Why do data descriptors (e.g. properties) take priority over instance attributes?

dieter dieter at handshake.de
Tue Dec 18 03:54:48 EST 2018


Paul Baker <paulbaker8 at gmail.com> writes:
> When Python looks up an attribute on an object (i.e. when it executes
> `o.a`), it uses an interesting priority order [1]. It looks for:
>
>  1. A class attribute that is a data-descriptor (most commonly a property)
>  2. An instance attribute
>  3. Any other class attribute
> ...
> Why does Python use this priority order rather than the "naive" order
> (instance attributes take priority over all class attributes, as used
> by JavaScript)? Python's priority order has a significant drawback: it
> makes attribute lookups slower, because instead of just returning an
> attribute of `o` if it exists (a common case), Python must first
> search `o`'s class *and all its superclasses* for a data-descriptor.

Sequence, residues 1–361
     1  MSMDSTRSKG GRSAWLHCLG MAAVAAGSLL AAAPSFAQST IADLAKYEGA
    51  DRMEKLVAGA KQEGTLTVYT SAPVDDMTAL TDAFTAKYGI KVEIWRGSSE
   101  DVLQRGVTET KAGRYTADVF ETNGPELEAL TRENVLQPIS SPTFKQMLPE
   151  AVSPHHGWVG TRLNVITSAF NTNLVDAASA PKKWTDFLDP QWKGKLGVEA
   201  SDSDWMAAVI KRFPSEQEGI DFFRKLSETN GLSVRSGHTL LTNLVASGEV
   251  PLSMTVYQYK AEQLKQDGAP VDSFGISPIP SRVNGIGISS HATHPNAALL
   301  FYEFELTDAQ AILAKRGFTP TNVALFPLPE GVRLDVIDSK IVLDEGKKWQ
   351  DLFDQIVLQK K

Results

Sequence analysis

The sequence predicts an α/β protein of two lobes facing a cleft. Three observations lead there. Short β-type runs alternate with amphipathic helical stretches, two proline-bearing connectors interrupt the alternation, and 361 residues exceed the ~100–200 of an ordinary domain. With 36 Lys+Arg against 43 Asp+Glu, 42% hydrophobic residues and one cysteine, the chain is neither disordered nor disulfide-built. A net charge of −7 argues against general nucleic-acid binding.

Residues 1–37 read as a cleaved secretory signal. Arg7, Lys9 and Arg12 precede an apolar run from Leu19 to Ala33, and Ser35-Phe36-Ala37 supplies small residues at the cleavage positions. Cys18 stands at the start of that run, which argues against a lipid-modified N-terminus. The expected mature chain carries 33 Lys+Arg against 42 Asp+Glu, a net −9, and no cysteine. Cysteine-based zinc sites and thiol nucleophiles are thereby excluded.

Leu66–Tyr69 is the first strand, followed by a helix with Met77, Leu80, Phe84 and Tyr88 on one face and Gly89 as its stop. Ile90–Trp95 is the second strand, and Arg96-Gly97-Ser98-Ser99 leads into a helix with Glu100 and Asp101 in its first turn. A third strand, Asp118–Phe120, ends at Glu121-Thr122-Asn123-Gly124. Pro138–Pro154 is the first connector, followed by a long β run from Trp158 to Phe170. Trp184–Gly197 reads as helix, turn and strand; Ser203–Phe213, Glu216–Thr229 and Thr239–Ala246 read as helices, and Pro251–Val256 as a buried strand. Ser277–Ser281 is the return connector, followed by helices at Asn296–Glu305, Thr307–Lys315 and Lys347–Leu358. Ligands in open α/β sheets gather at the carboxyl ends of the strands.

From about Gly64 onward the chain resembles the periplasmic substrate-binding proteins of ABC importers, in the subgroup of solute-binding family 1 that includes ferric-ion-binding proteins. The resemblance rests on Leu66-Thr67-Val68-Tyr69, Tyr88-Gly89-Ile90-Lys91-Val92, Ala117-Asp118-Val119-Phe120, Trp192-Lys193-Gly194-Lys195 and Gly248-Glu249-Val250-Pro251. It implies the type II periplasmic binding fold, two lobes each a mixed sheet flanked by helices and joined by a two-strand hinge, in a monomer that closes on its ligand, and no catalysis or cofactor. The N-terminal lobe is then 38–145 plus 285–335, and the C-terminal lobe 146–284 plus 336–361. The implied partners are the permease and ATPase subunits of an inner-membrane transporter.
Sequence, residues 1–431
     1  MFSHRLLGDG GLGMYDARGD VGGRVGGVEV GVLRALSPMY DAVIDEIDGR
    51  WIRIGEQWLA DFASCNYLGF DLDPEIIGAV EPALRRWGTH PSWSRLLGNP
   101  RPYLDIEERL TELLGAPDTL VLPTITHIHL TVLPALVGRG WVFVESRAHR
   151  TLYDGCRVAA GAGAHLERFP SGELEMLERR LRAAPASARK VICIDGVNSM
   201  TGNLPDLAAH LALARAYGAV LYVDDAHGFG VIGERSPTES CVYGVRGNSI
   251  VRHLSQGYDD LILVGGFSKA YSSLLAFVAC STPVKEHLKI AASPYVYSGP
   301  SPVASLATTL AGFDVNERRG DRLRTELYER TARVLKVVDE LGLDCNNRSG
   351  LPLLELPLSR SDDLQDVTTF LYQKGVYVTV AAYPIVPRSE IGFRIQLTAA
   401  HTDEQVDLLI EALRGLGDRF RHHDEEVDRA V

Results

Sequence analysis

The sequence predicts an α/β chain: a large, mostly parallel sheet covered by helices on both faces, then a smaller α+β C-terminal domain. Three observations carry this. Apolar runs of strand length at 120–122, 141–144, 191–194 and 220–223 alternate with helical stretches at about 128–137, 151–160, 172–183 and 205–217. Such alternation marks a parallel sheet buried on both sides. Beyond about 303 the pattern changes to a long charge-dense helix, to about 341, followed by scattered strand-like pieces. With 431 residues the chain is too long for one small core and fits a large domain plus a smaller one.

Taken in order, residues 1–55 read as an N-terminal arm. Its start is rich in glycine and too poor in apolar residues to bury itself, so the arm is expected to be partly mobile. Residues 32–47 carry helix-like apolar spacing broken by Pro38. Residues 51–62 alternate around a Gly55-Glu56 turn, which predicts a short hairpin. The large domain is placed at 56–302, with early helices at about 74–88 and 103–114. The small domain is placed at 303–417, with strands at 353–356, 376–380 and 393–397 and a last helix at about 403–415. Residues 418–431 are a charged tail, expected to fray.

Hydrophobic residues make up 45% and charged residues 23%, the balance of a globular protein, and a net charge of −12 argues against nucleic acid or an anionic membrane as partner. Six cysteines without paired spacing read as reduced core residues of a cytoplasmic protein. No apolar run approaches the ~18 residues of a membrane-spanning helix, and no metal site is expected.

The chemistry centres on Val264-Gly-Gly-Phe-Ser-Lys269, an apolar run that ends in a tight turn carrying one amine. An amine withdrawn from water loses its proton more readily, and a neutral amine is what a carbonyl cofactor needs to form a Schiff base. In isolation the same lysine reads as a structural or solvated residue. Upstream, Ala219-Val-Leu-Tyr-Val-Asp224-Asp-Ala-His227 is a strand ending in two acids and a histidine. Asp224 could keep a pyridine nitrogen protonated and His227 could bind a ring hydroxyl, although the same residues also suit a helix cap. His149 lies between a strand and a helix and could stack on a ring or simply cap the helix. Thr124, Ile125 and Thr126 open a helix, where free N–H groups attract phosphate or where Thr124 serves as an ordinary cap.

>
> What is the benefit of Python's priority order? It's presumably not
> just for the above situation, because having an instance variable and
> a property of the same name is very much a corner case (note the need
> to use `self.__dict__['a'] = 1` to create the instance attribute,
> because the usual `self.a = 1` would invoke the property).
>
> Is there a different situation in which the "naive" lookup order would
> cause a problem?

"special methods" are looked up in the same way - at least when
called indirectly. There is a section in the "library reference"
explaining why this special lookup is used in this case.
In old Python versions, "special methods" have been looked up in the normal
way; changing the lookup has been a major incompatibility. Thus,
apparently, there have been good reasons for the change.



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